Ultimately, Smith is less concerned with the solution than with the squish. At times, this film devolves into raw, awkward feeling, as Smith long sticks with characters grunting, gasping, and gagging – cursed by the limitations and demands of their own physical form. There are elements of classic science fiction here, yes. But “Tin Can” is more of a tone poem about human weaknesses.

‘Tin can.’ Not rated. 1 hour 44 minutes. Available on VOD

‘Canvas’

In the animated serial killer thriller Canvas, there’s a pretty noticeable disconnect between the film’s rotoscopic look, which is conspicuously trippy, and the writing, which is often clunky and unnecessarily confusing. First-time filmmaker Ryan Guiterman begins with a pretty solid sci-fi/horror premise: an evil alien known as “The Painter” has been ritually killing and instilling an atmosphere of paranoia and fear that an FBI agent is trying to cover up and an investigative journalist is trying to uncover . But Guiterman tells this story mostly through a series of stiff monologues and conversations – like something out of an old micro-budget B-movie, only with animations layered on top. The effect is effective at times, adding an extra dash of surrealism. But it’s also alienating and keeps the audience away from the characters and their various crises. Canvas has a certain aesthetic appeal, but beneath its surface there isn’t much of a narrative basis.

‘Canvas.’ Not rated. 1 hour, 23 minutes. Available on VOD

Also on VOD

A man in a leather jacket with a guitar leans back while singing into a microphone in the film "elvis"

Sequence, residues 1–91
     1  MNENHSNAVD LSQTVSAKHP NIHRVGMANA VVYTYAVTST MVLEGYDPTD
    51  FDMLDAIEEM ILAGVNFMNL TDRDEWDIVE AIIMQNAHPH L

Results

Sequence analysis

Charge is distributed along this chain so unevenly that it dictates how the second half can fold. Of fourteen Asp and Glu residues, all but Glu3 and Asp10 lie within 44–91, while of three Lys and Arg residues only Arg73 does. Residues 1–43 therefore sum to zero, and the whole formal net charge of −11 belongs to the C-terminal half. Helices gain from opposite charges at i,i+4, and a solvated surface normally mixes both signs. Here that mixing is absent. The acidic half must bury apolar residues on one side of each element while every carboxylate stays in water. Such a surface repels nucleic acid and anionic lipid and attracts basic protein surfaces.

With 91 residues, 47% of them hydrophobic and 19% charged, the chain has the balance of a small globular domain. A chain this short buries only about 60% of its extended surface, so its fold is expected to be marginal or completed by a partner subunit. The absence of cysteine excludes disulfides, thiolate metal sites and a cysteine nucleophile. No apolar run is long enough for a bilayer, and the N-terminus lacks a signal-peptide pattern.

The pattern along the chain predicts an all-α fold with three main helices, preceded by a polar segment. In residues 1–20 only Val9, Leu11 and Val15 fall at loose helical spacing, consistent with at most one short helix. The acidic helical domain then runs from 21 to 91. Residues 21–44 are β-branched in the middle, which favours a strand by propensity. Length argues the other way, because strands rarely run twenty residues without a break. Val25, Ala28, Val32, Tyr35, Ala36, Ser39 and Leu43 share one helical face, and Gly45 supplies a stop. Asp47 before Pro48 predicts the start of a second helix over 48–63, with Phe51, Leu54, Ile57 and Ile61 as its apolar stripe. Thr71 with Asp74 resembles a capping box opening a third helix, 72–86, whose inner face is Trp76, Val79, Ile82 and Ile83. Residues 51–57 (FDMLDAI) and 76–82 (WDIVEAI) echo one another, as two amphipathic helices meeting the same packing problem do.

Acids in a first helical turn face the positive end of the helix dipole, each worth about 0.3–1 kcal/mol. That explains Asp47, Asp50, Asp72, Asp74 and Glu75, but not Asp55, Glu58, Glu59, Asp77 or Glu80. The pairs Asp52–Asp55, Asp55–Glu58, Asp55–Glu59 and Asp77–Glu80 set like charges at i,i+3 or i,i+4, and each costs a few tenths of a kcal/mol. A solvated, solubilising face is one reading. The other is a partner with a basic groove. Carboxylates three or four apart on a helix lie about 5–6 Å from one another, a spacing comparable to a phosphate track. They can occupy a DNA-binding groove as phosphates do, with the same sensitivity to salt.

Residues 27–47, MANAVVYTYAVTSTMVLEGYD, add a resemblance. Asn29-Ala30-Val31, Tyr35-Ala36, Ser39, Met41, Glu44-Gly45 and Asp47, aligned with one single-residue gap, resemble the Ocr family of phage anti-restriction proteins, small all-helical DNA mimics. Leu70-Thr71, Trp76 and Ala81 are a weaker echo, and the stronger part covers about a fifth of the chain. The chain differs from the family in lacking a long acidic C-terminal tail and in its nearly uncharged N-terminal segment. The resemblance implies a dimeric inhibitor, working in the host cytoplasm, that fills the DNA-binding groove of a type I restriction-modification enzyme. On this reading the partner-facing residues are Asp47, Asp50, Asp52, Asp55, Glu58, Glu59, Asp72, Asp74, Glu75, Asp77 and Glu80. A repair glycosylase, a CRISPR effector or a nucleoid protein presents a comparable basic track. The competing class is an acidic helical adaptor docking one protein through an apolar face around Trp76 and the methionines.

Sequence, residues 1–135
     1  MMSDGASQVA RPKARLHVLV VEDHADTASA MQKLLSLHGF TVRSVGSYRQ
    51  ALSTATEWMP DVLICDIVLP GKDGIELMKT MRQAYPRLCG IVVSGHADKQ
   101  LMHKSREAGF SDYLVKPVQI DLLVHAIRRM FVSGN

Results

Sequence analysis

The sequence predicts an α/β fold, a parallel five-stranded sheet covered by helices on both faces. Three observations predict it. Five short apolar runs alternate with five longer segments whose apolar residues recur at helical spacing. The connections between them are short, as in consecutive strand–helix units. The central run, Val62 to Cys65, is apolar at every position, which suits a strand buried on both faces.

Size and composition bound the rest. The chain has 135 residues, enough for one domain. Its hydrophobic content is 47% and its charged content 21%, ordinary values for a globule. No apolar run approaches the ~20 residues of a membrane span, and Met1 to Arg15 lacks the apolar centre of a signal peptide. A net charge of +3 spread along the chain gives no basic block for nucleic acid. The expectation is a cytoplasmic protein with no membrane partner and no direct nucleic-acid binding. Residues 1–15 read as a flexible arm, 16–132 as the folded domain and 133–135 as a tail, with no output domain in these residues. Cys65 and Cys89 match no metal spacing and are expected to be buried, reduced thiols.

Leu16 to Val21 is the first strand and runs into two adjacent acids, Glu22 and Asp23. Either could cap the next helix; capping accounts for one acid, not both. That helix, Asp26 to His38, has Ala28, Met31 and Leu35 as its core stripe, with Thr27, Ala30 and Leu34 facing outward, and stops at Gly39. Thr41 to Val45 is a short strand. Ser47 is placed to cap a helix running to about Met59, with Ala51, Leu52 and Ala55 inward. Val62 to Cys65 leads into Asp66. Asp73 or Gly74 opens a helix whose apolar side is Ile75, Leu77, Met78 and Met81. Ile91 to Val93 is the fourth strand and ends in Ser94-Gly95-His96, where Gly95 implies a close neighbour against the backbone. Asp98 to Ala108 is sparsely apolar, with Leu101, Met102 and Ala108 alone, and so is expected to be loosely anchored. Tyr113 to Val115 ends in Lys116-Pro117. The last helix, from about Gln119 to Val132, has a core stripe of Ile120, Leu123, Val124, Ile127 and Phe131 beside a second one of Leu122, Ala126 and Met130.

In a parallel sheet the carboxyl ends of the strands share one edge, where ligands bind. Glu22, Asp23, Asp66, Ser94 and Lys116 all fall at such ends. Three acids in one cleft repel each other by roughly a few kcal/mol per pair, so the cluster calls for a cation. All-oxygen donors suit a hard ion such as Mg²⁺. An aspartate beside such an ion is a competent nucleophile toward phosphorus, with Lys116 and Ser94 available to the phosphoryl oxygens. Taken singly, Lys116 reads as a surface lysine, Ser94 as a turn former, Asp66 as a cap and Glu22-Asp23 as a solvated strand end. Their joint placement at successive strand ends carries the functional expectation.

Austin Butler in the movie “Elvis”.

(Warner Bros.)

“Elvis” brings director Baz Luhrmann’s distinctive style – full of glittering lightning and restless energy – to the story of rock ‘n’ roll legend Elvis Presley (Austin Butler) and his controlling manager Col. Tom Parker (Tom Hanks). One of the biggest worldwide hits of the year, the film is a dizzying spin through American pop culture from the 1950s to the 1970s, as well as a reflection on the constant oscillating between art and commerce. Available on VOD

Now available on DVD and Blu-ray

“Heat” was originally released in 1995, but Los Angeles writer-director Michael Mann’s heady crime drama remains a perennial favorite for genre fans beloved for Al Pacino’s and Robert De Niro’s lively performances as grizzled men of action on opposite sides of the law. In conjunction with Mann’s new sequel, Heat 2, the film will be re-released in a special 4K Ultra HD edition with numerous bonus features. 20th century studios

https://www.latimes.com/entertainment-arts/movies/story/2022-08-12/digital-movie-roundup-patton-oswalt-elvis-austin-butler-michael-mann-heat ‘I Love My Dad’ review: Patton Oswalt cringe comedy and more

Sarah Ridley